Sometimes computer problems show signs immediately and sometimes they don't. Often trouble could be brewing 'under the hood' of your computer without you even knowing it - until one morning your computer stalls in the fast lane and leaves you stranded for the day causing a mile-long backlog of work. Don't let this happen to you. Sign up for eNet's new ProActive Monitoring by calling 281-403-9561 or visit our website for more information.


eNet is now HIPAA and TX HB 300 Business Certified

With the HIPAA Omnibus Rule in effect - and compliance mandatory - eNet is busy helping our many healthcare clients with risk assessments and required upgrades. Don't wait too long to act; fines and penalties from the government could be possible. Visit website now.


Didn't I just change that ink cartridge?
We've all been here before - our inkjet printer tells us to replace the cartridge. We call its bluff and keep printing only to wonder why we got that message in the first place. Or perhaps our printer calls our bluff and simply refuses to print even though we know there is ink left. The folks at the PC World Test Center evaluated printers from four major manufacturers and found that three of these four reported ink cartridges as being empty when they had up to 40% ink remaining. Get all the details here.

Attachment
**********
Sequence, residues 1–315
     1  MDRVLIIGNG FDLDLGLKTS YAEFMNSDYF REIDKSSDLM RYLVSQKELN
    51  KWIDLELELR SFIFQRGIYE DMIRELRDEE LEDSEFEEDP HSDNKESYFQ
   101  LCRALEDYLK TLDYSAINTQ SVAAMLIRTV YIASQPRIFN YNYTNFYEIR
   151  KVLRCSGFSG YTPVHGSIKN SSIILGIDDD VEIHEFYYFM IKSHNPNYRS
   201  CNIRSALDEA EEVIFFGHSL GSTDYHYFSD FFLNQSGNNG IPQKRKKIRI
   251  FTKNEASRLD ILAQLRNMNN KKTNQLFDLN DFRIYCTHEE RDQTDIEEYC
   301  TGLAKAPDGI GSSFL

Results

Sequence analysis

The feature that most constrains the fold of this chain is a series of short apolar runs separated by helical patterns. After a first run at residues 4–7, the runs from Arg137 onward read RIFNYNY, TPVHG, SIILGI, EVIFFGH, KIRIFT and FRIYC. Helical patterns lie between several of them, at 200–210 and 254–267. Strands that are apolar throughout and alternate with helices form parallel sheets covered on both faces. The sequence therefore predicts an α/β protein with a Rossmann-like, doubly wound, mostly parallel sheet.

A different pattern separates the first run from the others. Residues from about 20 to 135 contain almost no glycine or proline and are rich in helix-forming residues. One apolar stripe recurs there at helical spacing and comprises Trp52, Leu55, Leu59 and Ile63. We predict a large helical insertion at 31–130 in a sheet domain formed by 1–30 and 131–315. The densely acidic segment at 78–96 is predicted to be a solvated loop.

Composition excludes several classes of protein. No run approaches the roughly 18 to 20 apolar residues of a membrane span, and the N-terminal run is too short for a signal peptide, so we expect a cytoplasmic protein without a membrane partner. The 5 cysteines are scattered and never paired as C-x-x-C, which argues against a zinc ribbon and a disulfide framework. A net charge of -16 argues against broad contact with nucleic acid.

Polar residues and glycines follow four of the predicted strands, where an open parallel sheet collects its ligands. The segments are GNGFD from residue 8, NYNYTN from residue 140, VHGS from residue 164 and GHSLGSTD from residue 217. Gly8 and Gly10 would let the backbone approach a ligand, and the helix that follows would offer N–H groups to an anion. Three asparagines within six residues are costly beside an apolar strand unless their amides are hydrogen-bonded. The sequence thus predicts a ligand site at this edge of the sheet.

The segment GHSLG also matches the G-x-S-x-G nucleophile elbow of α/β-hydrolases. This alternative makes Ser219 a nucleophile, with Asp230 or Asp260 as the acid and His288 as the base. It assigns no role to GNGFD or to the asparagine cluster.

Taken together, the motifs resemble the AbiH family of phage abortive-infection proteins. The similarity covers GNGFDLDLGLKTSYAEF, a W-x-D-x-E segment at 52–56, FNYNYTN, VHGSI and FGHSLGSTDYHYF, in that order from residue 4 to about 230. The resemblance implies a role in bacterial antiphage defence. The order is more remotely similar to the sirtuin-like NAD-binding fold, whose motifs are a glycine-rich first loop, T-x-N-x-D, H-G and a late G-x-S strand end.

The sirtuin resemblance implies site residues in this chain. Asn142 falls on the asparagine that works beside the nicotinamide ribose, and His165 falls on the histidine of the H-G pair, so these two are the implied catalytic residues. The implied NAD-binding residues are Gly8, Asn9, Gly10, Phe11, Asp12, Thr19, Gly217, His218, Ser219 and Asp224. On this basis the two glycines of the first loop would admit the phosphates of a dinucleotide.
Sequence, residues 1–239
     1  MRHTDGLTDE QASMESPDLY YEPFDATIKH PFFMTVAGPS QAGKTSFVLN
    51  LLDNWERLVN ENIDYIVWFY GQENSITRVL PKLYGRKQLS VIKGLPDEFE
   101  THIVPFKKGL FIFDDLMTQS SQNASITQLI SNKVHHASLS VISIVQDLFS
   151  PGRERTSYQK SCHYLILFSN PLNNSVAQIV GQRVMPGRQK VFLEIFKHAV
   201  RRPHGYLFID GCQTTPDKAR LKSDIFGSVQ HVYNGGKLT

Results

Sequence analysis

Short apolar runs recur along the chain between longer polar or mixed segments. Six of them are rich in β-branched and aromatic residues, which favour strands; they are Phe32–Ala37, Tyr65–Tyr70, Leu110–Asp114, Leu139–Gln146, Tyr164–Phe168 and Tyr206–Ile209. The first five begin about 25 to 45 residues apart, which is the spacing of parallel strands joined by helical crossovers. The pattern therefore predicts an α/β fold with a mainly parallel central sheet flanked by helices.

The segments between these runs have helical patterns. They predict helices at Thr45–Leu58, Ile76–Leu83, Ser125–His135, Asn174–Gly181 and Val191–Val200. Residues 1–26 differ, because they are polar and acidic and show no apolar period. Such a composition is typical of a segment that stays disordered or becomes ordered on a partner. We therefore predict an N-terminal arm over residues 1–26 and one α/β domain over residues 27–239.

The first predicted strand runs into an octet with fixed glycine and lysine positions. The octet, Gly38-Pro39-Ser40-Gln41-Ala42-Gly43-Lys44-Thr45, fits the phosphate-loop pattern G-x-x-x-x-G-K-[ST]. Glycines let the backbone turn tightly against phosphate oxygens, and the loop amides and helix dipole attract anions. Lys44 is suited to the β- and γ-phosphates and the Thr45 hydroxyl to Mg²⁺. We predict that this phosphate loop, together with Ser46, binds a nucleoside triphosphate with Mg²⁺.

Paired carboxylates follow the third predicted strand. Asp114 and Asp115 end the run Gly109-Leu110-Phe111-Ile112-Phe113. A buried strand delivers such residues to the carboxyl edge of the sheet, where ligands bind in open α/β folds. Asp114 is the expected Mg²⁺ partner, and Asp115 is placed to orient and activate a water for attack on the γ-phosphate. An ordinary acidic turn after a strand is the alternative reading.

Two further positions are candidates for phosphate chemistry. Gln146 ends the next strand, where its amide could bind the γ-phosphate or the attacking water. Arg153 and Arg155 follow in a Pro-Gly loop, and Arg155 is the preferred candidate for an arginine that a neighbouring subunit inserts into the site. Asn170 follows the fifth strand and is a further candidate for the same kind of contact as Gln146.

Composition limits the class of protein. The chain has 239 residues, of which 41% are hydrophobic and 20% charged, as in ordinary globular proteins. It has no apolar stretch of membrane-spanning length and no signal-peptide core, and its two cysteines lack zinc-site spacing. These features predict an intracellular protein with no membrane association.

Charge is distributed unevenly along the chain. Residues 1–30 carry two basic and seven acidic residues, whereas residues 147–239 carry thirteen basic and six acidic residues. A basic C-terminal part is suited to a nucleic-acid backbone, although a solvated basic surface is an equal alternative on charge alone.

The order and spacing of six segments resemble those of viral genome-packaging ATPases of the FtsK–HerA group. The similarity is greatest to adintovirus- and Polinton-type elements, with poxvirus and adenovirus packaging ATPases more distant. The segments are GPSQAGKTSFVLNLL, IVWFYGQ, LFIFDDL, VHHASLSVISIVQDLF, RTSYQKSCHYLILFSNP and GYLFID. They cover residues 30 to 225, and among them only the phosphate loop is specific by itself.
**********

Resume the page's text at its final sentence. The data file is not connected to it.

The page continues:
LinkedIn fighting claims that it accessed users' email accounts
A recent class-action suit alleges that the popular business networking site gained access to the email accounts that users provided during the registration process. The lawsuit contends that when users entered an email address to see if their contacts were members of the site, LinkedIn (without even a password) gained access to, downloaded, and even contacted the email addressees in that account. LinkedIn has denied these allegations. Read more.